Brand Aid 5: Knowing When To CROSS The Line

The Brief: Before each design process begins, a brief needs to be agreed. Sometimes clients provide us with a comprehensive written document and other times we resort to a good old Q&A session to determine what’s needed:

Q: Why does St Elizabeth’s need a new logo?
A: “The old logo is well known and liked, but because it features graduated tints and very fine in-lines, we’re finding it extremely difficult to maintain quality and consistency both in print and online.

Over time, the existing departments within St. Elizabeth’s – The School, College and Adult Care have developed different straplines and inconsistent treatments. As we’re looking to introduce a new Nursing and Therapy department, the time’s right to review our Corporate Identity as a whole.”

Q: Why St. Elizabeth’s ‘Centre’ and not just St. Elizabeth’s?
A: “Good question, the whole operation is set on our 65 acre site in Perry Green and each department runs independently. As we’re the only charity dealing with epilepsy in the country, St. Elizabeth’s Centre is unique, so we’d be happy to hear your recommendations on the best way forward.”

Q: What about the current typeface and colour?
A: “Typeface and colour are generally liked, but again, we’re open to suggestions.”

Just as we were feeling that there might be a blank sheet of paper to work with, we asked:

Q: Is there any part of the existing identity which is set in stone, can’t be altered and is non-negotiable?
A: “Our cross symbol dates back to 1833 when our founders, ‘The Daughters of the Cross’, were formed and it’s quite literally set in stone. It’s chiseled into large stone tablets at numerous locations, so this must remain unchanged!”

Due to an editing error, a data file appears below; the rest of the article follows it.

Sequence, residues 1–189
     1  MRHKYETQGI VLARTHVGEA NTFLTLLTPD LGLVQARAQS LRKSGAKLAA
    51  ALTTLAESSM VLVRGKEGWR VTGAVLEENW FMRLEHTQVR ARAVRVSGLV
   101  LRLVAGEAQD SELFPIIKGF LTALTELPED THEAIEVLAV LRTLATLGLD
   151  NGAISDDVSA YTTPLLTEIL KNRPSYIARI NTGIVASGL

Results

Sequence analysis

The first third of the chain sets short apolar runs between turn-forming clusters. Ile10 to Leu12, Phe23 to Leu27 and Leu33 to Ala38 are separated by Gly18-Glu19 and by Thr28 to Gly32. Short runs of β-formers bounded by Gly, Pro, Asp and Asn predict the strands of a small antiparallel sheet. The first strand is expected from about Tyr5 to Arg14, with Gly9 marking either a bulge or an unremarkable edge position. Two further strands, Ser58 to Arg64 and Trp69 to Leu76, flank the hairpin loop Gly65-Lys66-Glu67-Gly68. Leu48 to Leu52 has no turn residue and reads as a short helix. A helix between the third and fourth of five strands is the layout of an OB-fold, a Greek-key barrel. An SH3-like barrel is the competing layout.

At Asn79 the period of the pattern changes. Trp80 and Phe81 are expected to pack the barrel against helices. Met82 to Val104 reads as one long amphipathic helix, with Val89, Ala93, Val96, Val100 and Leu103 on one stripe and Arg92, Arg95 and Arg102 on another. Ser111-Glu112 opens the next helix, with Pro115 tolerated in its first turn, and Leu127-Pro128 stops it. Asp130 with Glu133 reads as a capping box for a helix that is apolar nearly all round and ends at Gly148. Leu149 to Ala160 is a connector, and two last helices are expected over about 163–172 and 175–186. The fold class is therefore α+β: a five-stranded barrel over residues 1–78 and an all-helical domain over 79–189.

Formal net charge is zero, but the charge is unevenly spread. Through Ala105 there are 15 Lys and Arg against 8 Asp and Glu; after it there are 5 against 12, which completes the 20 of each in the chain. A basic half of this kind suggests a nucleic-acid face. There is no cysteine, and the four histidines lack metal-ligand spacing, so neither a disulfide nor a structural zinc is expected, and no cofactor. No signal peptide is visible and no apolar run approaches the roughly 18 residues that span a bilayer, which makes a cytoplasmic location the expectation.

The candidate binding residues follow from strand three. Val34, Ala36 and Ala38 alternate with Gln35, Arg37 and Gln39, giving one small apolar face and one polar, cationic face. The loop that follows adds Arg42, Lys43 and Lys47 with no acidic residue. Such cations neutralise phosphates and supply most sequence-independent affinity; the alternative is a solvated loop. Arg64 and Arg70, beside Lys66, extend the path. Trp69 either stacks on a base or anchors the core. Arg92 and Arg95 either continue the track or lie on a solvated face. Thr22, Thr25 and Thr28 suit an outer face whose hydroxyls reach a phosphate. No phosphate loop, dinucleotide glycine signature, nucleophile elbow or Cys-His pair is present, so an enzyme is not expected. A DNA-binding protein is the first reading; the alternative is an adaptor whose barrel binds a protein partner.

OK, now we know where not to ‘cross’ the line, it’s on with the design concept…

Analysis of the existing logo:

We drew up a list of pro’s and cons; the positives were that the logo was memorable, relevant and liked. The issues were balance, readability, reproduction, consistency and how the sub-departments would work.

The brief told us that ‘evolution, not revolution’ was required, the only thing set in stone was the cross, all other elements were variables. We weren’t keen on the existing dark green and felt that perhaps something softer and more sympathetic to the care offered at St. Elizabeth’s would be more appropriate.

As always, the first port of call was the sketch book, here are some of our early doodles:

Right from the start we were steering away from the abstract off-centred look of the original, to a more balanced, formal layout.

We quite liked the existing typeface which was sympathetic to the period when St. Elizabeth’s was formed, but we tested a wide range of other fonts to make sure that there wasn’t a better option available for our purpose.

We then drew the artwork for the cross very accurately, ensuring that the size, proportion and number of halo segments were exactly the same as the original stone carvings.

The next step was to explore how the new logo would work contained within an oval made up from the halo segments as per our sketches. Then see how we could develop sub-branded departments within the identity.

We agreed with the client that it would be a positive step forward if the brand became ‘St. Elizabeth’s’ and the word ‘centre’ was removed and replaced with ‘established 1903’ which would give them a link to the charity’s history.

The final logo and sub-brands:

The final result was that we developed a colour coded Corporate Identity:
the main St. Elizabeth’s logo being a soft purple and the sub-branded departments being complimentary colours of equal tonal value. We also suggested that the Bishop’s Stortford ‘Cross Gallery’ (owned and run by St. Elizabeth’s) should be brought under the umbrella of the new identity.

The new Corporate Identity was very well received and is in the process of being rolled out across all areas of the charity. However, given the size and complexity of the operation, the process may take some time.

Since it’s successful launch, we’ve been working with St. Elizabeth’s on the re-branding and merchandising of their charity shops, ever mindful of striking the right balance between knowing where not to cross the line and when to ask the right questions in order to push the boundaries and ensure they get what they need, not just what they think they want!